June 30, 2010

Camille Paglia on Apollonian vs. Dionysian times

Here is a recent op-ed of hers ostensibly about a drug that would increase a woman's sex drive, but really more about how shriveled up the culture has been for the past 20 years compared to the libidinous era of the '60s through the '80s. The theme is a familiar one here, but she doesn't connect it to the crime rate, which it matches perfectly (including the contrast between the high-crime Jazz Age and safe, priggish 1950s).

Unless you pay attention to the crime rate (as a proxy for the level of violence, which is how people gauge how risky the world is), you won't be able to explain why the past 20 years have been so flaccid:

Nor are husbands offering much stimulation in the male display department: visually, American men remain perpetual boys, as shown by the bulky T-shirts, loose shorts and sneakers they wear from preschool through midlife.

Well the average male offered no better visually from the Summer of Love through Studio 54 through arena rock concerts, yet girls were still boy-crazy.

And why has rock music been so bland during the same time period?

But with the huge commercial success of rock, the blues receded as a direct influence on young musicians, who simply imitated the white guitar gods without exploring their roots.

But why did this fading of the blues influence only become dooming during the early 1990s rather than the 1980s or 1970s or the 2000s? And why did blues die out as an influence in black music? That can't be attributed to imitating white guitar gods. Same goes for R&B generally -- it's been as boring as rock has, and the timing is the same. Still, even if her explanations don't work, I'm glad that there is a growing awareness of how unique the '60s - '80s period was, that the initial Gen X caricature of the '80s is officially dead -- Paglia even gives props to Belinda Carlisle -- and that the desperate attempts to make the '90s look cool are quickly unraveling.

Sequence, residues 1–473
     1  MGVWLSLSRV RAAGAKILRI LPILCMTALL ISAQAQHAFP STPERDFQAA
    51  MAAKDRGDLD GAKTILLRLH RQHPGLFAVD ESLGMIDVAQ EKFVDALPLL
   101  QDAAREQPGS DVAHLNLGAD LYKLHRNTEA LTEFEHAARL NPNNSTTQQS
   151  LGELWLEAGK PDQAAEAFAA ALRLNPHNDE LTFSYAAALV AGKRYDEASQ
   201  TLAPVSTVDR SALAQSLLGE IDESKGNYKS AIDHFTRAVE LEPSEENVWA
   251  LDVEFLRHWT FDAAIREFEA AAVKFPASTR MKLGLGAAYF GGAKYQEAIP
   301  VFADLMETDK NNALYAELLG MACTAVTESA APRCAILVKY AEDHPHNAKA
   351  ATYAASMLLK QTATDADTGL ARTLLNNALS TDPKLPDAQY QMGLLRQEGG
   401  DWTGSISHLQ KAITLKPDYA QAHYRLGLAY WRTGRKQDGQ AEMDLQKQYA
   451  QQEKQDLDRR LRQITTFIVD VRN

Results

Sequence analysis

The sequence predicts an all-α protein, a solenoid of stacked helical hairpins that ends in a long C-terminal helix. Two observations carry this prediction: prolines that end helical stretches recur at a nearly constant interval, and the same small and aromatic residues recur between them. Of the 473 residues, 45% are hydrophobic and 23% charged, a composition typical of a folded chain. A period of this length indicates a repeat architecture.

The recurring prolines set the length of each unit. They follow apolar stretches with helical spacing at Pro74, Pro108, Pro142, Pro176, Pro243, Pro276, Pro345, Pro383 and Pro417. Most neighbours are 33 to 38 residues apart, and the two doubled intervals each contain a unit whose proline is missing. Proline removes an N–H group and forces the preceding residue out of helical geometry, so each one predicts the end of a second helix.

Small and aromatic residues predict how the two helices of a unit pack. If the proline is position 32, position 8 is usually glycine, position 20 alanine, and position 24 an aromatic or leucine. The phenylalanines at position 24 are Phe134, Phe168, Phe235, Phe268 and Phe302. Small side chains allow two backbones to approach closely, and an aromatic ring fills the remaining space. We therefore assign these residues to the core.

1. How do the crime rate and the trust level relate to each other? From your previous entry I gather that the trust level has been low or has been going down over the last twenty years. From this entry I gather that the crime rate has been low or has been going down over the last twenty years. The eighties show up in your account as a kind of golden era, and if I recall correctly sometimes you explain this (or some aspect of this) as arising out of a high trust level, and other times you explain this (or an aspect) as arising out of a high crime rate.

    My general impression is that you like society when trust is high and dislike society when trust is low; and that you like society when crime is high and dislike society when crime is low. The evaluation is beside my point here - my point is that, if this is the case, then this appears to synchronize high crime with high trust chronologically, and low crime with low trust.

    What puzzles me is that I would have expected trust level and crime rate to have an inverse relationship, not a direct one.

  2. I actually wrote this topic into a post on my data blog, with one graph showing both trust level and homicide rate over time.